Finally, realise that we always have a choice and that nothing is forever. On this point…

3. We can choose our response

We may not always control the situation, but we can choose how we respond to it.

In Man’s Search for Meaning, Frankl shares his powerful insights as a survivor of the Holocaust. He describes how everything that people clung to in their normal lives disappeared within a moment. Whether it was their professional identity, their possessions, or their loved ones. Frankl found that those who lost hope quickly deteriorated.

Through suffering, Frankl described how he found an opportunity to respond courageously despite the situation. One of the most powerful aspects of his fight to survive was in developing an ability to use humour and seeing things through a humorous light. Despite his situation, Frankl explains that he did not harbour any anger.

He explains:

“… everything can be taken from a man but one thing: the last of the human freedoms—to choose one’s attitude in any given set of circumstances, to choose one’s own way.

And there were always choices to make. Every day, every hour, offered the opportunity to make a decision, a decision which determined whether you would or would not submit to those powers which threatened to rob you of your very self, your inner freedom…”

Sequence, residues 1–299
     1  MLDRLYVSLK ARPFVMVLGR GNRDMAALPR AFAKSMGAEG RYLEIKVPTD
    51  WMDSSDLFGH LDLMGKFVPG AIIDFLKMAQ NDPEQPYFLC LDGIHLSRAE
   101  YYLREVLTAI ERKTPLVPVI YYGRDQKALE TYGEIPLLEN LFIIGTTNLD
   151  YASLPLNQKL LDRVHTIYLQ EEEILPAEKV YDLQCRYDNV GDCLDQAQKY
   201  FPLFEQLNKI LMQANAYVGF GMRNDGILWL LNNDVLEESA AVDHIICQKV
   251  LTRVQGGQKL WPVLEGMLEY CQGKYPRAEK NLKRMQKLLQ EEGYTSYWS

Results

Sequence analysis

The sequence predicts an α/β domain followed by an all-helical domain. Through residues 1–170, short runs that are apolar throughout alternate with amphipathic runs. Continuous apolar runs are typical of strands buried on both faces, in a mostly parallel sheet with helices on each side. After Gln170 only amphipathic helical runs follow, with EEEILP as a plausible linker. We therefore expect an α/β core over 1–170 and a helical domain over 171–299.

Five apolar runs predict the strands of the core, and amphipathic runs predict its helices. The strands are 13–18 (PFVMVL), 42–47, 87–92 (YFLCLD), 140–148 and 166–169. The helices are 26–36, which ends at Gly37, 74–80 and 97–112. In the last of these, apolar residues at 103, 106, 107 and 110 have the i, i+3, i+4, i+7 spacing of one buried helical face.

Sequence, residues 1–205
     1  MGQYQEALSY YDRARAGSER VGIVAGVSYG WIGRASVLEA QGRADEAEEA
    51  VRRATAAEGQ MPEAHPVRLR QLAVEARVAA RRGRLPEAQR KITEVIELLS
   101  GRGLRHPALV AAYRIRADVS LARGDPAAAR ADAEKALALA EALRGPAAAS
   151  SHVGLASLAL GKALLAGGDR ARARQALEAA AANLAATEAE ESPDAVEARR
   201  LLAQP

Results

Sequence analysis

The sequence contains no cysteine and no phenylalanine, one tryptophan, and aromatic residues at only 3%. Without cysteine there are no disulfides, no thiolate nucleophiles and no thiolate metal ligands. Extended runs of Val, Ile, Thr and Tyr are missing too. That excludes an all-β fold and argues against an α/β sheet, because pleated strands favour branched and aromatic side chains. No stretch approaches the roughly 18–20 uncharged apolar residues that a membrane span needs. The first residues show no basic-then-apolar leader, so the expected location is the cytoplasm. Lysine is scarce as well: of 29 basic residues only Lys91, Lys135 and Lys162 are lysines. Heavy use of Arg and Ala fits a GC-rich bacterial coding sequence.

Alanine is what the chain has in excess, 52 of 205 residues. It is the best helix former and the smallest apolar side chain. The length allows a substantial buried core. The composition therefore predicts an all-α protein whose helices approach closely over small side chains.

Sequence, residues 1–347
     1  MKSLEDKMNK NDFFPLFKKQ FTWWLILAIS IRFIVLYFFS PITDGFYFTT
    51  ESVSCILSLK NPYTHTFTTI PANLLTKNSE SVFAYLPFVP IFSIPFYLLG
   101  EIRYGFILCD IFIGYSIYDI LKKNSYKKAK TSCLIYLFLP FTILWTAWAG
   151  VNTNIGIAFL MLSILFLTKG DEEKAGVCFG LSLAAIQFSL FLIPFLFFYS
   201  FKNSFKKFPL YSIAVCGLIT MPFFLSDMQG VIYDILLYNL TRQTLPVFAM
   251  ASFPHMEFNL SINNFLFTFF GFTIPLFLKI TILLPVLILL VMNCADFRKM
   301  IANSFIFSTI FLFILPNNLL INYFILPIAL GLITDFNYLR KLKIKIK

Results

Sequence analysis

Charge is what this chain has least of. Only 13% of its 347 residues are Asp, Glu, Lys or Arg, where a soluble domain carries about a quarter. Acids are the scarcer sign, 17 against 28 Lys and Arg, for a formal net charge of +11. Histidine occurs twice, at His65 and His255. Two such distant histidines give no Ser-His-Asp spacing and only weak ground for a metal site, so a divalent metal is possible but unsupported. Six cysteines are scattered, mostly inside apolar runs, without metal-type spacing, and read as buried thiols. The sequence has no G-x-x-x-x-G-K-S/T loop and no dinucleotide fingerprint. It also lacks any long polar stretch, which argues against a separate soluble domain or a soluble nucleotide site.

Man’s Search for Meaning, page 75

There is a paradoxical aspect at play here. I’m sure you know many people who have everything in this life but are miserable despite their relatively good fortune. And people who have suffered many things (including losing loved ones, severe illness, or plain bad luck) who have no anger and bear their suffering with grace. And of course, there is a wide spectrum of people in between.

Strange as it might be, it appears to come down to how we choose to respond to any given situation.

4. It’s OK to feel anything else other than “happy”

We live in a society addicted to “happiness”. And it’s making us terribly unhappy.

Manoj described that there is a huge pressure in society to constantly look happy, be happy and feel happy. The upshot of this? That something is clearly wrong with you if you’re not happy—a gap that needs fixing by drinking celery juice, yoga or binge shopping.

Frankl also describes this situation as well by citing a fellow psychologist:

“… ‘our current mental-hygiene philosophy stresses the idea that people ought to be happy, that unhappiness is a symptom of maladjustment. Such a value system might be responsible for the fact that the burden of unavoidable unhappiness is increased by unhappiness about being unhappy.’ …

‘… the incurable sufferer is given very little opportunity to be proud of his suffering and to consider it ennobling rather than degrading’ so that ‘he is not only unhappy, but also ashamed of being unhappy.’”

Man’s Search for Meaning, page 118

So next time you feel like ****? Remember that it’s a normal part of being human.

5. Be gentle on yourself

A common symptom in many lawyers is the level of self-doubt in one’s abilities. This is often magnified in women, who downplay their achievements and constantly doubt themselves. It leads to the person beating themselves up over not having done things perfectly. Comparing yourself with others doesn’t help:

“Constantly comparing myself to others had paralysed me. The fear of falling short was a powerful force that kept me in a job I hated. It stopped me from taking my health seriously. It stopped me from doing anything that I feared would confirm that compared to everyone else I was deeply inadequate.”